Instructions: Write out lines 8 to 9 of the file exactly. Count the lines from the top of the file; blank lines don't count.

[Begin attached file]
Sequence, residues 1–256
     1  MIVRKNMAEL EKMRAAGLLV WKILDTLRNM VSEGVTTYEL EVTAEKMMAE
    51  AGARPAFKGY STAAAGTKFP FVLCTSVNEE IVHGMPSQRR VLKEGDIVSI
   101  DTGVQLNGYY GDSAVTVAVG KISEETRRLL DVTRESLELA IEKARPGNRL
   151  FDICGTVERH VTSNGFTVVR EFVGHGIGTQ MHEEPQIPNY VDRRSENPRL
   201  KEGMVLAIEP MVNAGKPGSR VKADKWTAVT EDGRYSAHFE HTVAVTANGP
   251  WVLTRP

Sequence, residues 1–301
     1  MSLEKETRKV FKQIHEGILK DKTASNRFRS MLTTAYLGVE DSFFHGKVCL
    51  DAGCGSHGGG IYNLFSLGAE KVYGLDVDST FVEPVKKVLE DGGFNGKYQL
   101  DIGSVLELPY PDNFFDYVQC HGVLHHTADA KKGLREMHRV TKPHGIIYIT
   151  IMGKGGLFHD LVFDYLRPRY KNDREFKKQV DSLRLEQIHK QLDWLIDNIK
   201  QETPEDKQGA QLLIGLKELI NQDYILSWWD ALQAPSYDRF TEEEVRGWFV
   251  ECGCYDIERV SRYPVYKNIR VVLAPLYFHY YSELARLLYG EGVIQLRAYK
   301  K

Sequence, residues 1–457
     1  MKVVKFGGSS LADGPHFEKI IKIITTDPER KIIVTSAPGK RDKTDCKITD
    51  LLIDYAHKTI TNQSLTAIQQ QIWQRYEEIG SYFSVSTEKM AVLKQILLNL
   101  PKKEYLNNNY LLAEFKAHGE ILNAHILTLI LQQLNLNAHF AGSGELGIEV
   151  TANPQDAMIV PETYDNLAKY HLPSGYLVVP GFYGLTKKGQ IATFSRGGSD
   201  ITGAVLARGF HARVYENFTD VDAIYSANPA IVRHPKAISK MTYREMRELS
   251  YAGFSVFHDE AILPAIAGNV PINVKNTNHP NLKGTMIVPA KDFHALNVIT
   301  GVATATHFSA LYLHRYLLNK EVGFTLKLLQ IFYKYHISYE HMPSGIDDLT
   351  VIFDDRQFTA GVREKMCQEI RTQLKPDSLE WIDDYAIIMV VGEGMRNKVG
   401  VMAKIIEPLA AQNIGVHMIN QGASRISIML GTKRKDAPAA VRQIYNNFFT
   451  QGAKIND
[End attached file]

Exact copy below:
Sequence, residues 1–301
     1  MSLEKETRKV FKQIHEGILK DKTASNRFRS MLTTAYLGVE DSFFHGKVCL